Finally, I found this book accessible to those who are genuinely interested in discerning where the church might be led in these issues. This is a book written for the religious and the legal community.Read more ›
Most Recent Customer Reviews
I've read many books on this topic over the past few years. My conscience and "gut" have already led me to new truth, as have my gracious, patient gay Christian friends (not their... Read morePublished on December 21, 2011 by Michelle B. Mcconnell
The author of this book, A Time to Embrace: Same -Gender Relationships in Religion, Law and Politics helps the reader to understand that folks are same gendered or gay because they... Read morePublished on April 25, 2011 by l00kn4sumpn
Johnson holds the Chair of Systematic Theology at Princeton Theological Seminary and is an ordained Presbyterian minister, so he should know better than to give us bad theology. Read morePublished on January 7, 2010 by rossuk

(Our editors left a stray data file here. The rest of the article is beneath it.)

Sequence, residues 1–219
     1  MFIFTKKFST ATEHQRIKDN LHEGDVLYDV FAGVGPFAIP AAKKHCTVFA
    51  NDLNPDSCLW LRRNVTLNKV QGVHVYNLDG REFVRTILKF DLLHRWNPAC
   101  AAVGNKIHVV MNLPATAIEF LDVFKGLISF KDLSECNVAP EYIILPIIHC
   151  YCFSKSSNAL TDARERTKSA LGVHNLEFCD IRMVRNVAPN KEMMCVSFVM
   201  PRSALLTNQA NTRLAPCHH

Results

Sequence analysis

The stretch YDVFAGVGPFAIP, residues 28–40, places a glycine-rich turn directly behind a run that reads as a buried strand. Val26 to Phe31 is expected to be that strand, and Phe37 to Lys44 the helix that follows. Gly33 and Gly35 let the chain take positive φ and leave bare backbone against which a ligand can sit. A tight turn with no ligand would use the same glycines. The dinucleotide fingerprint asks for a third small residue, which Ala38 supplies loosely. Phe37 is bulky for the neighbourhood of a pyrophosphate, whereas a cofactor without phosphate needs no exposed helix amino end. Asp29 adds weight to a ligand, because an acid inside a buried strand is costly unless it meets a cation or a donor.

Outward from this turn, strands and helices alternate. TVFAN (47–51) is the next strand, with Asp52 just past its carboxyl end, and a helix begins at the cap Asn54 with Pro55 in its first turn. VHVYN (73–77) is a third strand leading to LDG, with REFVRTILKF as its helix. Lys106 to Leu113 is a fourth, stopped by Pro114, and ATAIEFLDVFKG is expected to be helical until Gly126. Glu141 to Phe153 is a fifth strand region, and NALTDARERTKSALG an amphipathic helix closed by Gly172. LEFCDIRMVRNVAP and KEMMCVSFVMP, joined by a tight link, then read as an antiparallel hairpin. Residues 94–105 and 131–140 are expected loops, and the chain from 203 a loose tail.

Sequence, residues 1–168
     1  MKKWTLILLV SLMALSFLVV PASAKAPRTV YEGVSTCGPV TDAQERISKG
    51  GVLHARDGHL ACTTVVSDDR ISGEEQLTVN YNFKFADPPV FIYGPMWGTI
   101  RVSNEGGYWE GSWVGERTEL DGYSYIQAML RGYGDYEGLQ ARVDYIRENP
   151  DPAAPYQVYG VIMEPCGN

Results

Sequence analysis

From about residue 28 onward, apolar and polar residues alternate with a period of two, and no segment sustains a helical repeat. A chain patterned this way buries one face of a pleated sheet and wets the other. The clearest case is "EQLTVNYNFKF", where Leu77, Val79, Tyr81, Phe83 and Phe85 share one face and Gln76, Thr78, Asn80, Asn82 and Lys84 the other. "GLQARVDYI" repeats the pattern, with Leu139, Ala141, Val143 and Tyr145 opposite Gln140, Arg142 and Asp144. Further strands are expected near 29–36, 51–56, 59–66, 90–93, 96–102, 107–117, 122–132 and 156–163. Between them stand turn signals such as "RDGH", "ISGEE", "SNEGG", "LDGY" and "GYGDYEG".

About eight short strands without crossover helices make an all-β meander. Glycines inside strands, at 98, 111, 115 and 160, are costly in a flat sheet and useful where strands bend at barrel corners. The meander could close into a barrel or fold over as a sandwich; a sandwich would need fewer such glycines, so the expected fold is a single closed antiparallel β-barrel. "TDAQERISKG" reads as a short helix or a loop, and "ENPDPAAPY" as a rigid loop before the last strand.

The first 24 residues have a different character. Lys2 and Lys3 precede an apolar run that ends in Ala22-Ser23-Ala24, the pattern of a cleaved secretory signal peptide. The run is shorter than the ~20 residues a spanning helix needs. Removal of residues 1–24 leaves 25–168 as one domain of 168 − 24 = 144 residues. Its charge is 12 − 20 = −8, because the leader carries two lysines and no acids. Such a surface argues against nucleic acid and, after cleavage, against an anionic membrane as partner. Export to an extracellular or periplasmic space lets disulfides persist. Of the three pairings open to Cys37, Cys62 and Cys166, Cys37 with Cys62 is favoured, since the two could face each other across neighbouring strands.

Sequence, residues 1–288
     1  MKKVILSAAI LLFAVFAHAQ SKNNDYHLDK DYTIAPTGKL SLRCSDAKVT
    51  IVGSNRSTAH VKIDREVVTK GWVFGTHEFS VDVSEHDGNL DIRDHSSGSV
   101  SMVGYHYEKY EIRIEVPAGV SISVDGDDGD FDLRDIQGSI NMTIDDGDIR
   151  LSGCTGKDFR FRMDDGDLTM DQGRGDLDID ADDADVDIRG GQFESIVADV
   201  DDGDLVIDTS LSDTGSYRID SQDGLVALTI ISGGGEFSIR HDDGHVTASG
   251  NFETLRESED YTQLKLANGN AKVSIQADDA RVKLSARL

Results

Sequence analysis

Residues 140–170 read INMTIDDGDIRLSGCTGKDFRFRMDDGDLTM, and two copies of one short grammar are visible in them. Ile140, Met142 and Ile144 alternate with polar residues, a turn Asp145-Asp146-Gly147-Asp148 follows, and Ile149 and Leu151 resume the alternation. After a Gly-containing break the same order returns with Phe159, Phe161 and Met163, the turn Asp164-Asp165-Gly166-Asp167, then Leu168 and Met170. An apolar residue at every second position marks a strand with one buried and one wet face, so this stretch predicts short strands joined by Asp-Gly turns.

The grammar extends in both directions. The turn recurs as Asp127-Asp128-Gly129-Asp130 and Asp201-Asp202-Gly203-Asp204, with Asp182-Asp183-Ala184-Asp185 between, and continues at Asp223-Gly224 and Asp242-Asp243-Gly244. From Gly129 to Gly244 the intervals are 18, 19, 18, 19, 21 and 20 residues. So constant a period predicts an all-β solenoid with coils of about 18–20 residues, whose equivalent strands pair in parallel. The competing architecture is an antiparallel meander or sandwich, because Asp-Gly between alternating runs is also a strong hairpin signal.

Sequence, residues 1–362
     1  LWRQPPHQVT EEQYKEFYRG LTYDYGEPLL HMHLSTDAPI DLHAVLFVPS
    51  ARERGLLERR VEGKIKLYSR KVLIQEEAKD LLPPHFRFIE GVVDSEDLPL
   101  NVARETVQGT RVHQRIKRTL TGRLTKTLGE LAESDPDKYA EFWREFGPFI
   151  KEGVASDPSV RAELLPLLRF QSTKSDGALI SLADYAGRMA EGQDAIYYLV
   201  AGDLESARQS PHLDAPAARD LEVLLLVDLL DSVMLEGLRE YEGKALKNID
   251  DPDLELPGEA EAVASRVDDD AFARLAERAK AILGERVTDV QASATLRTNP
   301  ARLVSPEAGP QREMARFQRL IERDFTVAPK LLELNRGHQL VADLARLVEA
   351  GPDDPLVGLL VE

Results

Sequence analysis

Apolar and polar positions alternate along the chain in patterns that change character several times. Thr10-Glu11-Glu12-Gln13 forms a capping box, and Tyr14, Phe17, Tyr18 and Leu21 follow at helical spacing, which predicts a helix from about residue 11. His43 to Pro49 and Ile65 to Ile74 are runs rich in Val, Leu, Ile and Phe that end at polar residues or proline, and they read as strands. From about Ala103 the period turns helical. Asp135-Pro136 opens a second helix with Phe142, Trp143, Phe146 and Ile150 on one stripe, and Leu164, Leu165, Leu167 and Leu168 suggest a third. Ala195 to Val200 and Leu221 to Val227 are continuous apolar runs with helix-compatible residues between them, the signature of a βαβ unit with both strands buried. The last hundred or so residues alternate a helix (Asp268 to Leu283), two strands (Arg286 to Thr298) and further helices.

I have read widely on both sides of this debate and I am deeply dismayed that this book has so many positive reviews on Amazon. Read morePublished on September 26, 2009 by Stephen Hess
While I have read other books making a case for Gay/Lesbian marriage, this was the first that really convinced me. Read morePublished on February 18, 2008 by Paul H. Pallmeyer
This is the most scholarly and well researched book on the topic of same gender relationships that I have ever read.Published on November 21, 2007 by Dean A. Genth
Stacy Johnson is a good man and a deep thinker; the church is indebted to him for this book. He avoids polemic on either side of his discussion of the issues of homosexuality in... Read morePublished on August 28, 2007 by Frank McNair
From my vantage point, as a Ph.D. in Church History and on the farthest heterosexual side of Kinsey's spectrum, I regard Johnson's book as far and away the best book yet on the... Read morePublished on July 3, 2007 by K. E. Christopherson
Johnson spent much of his time in Church listening to people on both sides of the issue about same sex relationships and discovered that while people had "sides" they didn't all... Read morePublished on May 19, 2007 by Eric